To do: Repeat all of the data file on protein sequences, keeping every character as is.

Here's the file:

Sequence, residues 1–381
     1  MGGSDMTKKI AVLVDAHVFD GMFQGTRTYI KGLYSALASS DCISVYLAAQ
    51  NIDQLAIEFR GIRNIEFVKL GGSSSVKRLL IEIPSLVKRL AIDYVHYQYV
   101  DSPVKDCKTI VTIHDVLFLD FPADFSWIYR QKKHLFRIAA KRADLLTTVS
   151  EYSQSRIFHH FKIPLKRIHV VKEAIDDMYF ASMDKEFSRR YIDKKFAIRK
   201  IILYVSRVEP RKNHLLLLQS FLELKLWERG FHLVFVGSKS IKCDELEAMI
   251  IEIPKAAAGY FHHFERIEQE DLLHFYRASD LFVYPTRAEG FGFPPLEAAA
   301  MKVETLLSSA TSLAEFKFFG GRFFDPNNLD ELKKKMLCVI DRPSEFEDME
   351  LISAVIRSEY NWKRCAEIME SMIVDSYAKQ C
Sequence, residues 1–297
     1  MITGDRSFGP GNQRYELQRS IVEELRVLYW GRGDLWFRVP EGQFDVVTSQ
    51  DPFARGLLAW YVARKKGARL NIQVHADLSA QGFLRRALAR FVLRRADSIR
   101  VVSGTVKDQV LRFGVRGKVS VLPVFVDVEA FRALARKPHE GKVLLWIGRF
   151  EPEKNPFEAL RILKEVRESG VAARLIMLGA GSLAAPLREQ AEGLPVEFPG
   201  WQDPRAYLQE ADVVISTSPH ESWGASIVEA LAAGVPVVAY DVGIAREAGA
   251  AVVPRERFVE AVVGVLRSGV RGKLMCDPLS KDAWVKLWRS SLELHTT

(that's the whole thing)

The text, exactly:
Sequence, residues 1–381
     1  MGGSDMTKKI AVLVDAHVFD GMFQGTRTYI KGLYSALASS DCISVYLAAQ
    51  NIDQLAIEFR GIRNIEFVKL GGSSSVKRLL IEIPSLVKRL AIDYVHYQYV
   101  DSPVKDCKTI VTIHDVLFLD FPADFSWIYR QKKHLFRIAA KRADLLTTVS
   151  EYSQSRIFHH FKIPLKRIHV VKEAIDDMYF ASMDKEFSRR YIDKKFAIRK
   201  IILYVSRVEP RKNHLLLLQS FLELKLWERG FHLVFVGSKS IKCDELEAMI
   251  IEIPKAAAGY FHHFERIEQE DLLHFYRASD LFVYPTRAEG FGFPPLEAAA
   301  MKVETLLSSA TSLAEFKFFG GRFFDPNNLD ELKKKMLCVI DRPSEFEDME
   351  LISAVIRSEY NWKRCAEIME SMIVDSYAKQ C
Sequence, residues 1–297
     1  MITGDRSFGP GNQRYELQRS IVEELRVLYW GRGDLWFRVP EGQFDVVTSQ
    51  DPFARGLLAW YVARKKGARL NIQVHADLSA QGFLRRALAR FVLRRADSIR
   101  VVSGTVKDQV LRFGVRGKVS VLPVFVDVEA FRALARKPHE GKVLLWIGRF
   151  EPEKNPFEAL RILKEVRESG VAARLIMLGA GSLAAPLREQ AEGLPVEFPG
   201  WQDPRAYLQE ADVVISTSPH ESWGASIVEA LAAGVPVVAY DVGIAREAGA
   251  AVVPRERFVE AVVGVLRSGV RGKLMCDPLS KDAWVKLWRS SLELHTT